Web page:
Kosmos 10

Summary

Kosmos 10
Mission typeOptical imaging reconnaissance
Radiation
Harvard designation1962 Beta Zeta 1
COSPAR ID1962-054A
SATCAT no.00437
Mission duration4 days
Spacecraft properties
Spacecraft typeVostok-2 s/n T15000-03
ManufacturerOKB-1
Launch mass4610 kg [1]
Start of mission
Launch date17 October 1962
09:21:00 GMT
RocketVostok-2
Launch siteBaikonur, Site 1/5
ContractorOKB-1
End of mission
DisposalRecovered
Landing date21 October 1962
Landing siteSteppe in Kazakhstan
Orbital parameters
Reference systemGeocentric [2]
RegimeLow Earth
Perigee altitude197 km
Apogee altitude367 km
Inclination65.0°
Period90.2 minutes
Epoch17 October 1962
 

Kosmos 10 (Russian: Космос 10 meaning Cosmos 10), also known as Zenit-2 No.5, was a Soviet reconnaissance satellite launched in 1962. It was the tenth satellite to be designated under the Kosmos system, and the fourth successful launch of a Soviet reconnaissance satellite, following Kosmos 4, Kosmos 7 and Kosmos 9.[3]

Spacecraft

Kosmos 10 was a Zenit-2 satellite, a first generation, low resolution, reconnaissance satellite derived from the Vostok spacecraft used for crewed flights, the satellites were developed by OKB-1. In addition to reconnaissance, it was also used for research into radiation in support of the Vostok programme. It had a mass of 4,610 kilograms (10,160 lb).[1]

Mission

The Vostok-2, s/n T15000-03, was used to launch Kosmos 10.[4] The launch was conducted from Site 1/5 at the Baikonur Cosmodrome, and occurred at 09:21 GMT on 21 October 1962.[5] Kosmos 10 was placed into a low Earth orbit with a perigee of 197 kilometres (122 mi), an apogee of 367 kilometres (228 mi), an inclination of 65.0°, and an orbital period of 90.2 minutes.[2] It conducted a four-day mission, before being deorbited and landing by parachute on 21 October 1962, and recovered by the Soviet forces in the steppe in Kazakhstan.[6]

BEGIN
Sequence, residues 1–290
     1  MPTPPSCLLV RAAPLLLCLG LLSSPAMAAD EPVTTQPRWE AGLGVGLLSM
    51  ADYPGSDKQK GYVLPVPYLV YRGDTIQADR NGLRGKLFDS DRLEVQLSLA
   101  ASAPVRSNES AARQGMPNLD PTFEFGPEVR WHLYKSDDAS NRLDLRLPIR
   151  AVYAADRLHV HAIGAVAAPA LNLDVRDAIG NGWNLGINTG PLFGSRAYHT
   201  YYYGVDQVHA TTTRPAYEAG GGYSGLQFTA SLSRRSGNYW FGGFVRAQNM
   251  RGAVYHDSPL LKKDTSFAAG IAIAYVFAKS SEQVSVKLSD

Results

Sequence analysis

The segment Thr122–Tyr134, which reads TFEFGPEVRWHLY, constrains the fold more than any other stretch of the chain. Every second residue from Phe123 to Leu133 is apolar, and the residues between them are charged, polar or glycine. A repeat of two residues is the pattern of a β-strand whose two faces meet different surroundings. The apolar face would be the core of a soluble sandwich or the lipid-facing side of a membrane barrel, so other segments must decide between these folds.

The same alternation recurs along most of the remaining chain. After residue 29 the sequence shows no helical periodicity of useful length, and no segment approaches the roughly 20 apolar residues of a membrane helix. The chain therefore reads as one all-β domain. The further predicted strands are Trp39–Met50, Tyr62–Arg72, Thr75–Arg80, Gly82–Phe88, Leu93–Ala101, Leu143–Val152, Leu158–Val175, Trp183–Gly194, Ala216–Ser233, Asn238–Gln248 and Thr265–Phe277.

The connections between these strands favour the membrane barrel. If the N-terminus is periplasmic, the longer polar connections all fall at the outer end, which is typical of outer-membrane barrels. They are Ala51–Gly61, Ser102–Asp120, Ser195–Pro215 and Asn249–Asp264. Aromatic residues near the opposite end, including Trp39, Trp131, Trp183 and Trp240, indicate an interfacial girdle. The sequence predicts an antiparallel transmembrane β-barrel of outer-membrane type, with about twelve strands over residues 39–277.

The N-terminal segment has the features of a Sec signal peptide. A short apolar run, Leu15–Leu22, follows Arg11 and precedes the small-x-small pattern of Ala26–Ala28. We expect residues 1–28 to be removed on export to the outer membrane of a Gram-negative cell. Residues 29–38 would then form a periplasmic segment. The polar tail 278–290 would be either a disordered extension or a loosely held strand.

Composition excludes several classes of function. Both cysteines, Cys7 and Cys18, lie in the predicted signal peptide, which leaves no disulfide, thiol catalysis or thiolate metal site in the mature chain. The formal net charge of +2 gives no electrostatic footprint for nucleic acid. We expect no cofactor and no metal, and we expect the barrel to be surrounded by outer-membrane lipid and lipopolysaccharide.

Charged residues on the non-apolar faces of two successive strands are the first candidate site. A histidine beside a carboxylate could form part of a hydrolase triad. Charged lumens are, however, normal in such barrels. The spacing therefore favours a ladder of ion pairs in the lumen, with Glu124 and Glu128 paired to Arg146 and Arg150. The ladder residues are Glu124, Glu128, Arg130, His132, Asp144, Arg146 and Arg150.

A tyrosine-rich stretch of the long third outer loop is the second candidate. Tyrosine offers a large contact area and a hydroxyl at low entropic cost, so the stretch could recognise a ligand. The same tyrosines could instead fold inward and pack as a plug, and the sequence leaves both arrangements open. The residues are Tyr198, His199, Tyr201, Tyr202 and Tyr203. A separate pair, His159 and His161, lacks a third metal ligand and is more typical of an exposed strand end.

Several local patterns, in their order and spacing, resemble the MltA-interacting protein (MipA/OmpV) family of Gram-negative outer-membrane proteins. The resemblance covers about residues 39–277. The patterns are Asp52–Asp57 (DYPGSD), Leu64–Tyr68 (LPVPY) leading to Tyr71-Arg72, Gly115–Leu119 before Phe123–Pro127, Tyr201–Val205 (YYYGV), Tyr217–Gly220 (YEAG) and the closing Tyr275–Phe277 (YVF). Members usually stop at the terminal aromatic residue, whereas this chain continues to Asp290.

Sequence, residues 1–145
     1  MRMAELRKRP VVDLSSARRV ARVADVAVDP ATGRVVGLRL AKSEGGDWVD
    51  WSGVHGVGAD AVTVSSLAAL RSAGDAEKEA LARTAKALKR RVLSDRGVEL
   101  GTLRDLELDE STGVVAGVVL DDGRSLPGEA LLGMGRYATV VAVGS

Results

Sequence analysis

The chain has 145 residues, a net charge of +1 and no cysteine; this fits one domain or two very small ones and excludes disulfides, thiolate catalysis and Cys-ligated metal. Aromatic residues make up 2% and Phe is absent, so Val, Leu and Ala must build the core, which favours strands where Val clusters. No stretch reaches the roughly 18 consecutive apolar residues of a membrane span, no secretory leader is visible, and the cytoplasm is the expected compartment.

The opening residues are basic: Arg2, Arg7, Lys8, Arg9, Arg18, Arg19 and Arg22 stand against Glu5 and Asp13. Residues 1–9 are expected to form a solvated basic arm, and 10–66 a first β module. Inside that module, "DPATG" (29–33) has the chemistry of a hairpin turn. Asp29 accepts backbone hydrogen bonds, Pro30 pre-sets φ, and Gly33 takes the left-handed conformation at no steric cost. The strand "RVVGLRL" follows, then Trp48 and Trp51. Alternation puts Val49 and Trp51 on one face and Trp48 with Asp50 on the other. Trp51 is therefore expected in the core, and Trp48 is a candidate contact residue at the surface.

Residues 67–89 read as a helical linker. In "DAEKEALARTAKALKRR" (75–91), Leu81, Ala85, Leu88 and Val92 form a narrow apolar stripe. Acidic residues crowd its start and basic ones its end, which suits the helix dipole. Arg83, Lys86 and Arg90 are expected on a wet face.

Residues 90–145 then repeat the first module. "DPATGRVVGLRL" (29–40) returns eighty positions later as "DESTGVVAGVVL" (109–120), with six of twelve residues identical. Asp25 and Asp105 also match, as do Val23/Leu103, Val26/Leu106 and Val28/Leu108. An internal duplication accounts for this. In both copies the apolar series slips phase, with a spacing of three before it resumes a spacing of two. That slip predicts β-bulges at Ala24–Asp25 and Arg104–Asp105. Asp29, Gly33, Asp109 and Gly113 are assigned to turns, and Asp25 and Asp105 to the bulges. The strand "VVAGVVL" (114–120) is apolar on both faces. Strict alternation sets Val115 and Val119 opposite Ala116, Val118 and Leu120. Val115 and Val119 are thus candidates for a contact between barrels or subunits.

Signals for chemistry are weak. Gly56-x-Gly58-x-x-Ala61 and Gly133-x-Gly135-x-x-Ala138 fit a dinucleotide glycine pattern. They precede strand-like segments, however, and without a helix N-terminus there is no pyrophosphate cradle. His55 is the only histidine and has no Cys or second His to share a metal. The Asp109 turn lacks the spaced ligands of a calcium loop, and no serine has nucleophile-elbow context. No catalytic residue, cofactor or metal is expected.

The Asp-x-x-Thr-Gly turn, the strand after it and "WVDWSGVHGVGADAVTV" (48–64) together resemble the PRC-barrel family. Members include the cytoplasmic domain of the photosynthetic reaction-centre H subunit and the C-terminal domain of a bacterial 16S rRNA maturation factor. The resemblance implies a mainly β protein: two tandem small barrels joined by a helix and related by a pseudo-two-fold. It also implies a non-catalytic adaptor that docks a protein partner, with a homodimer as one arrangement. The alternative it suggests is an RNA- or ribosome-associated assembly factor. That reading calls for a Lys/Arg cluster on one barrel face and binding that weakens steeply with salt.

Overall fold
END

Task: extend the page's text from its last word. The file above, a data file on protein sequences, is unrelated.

It was the last four-day test flight of the Zenit-2 programme, before the system became fully operational and began making eight-day full-duration flights from the next mission, Kosmos 12.[3]

See also

References

  1. ^ a b "Cosmos 10: Display 1962-054A". nssdc.gsfc.nasa.gov. NASA. 27 February 2020. Retrieved 24 April 2020. This article incorporates text from this source, which is in the public domain.
  2. ^ a b "Cosmos 10: Trajectory 1962-054A". nssdc.gsfc.nasa.gov. NASA. 27 February 2020. Retrieved 24 April 2020. This article incorporates text from this source, which is in the public domain.
  3. ^ a b Wade, Mark. "Zenit-2". Encyclopedia Astronautica. Archived from the original on 21 April 2012. Retrieved 24 May 2009.
  4. ^ McDowell, Jonathan. "Launch Log". Jonathan's Space Page. Retrieved 24 May 2009.
  5. ^ Wade, Mark. "Soyuz". Encyclopedia Astronautica. Archived from the original on 17 January 2010. Retrieved 24 May 2009.
  6. ^ McDowell, Jonathan. "Satellite Catalog". Jonathan's Space Page. Retrieved 24 May 2009.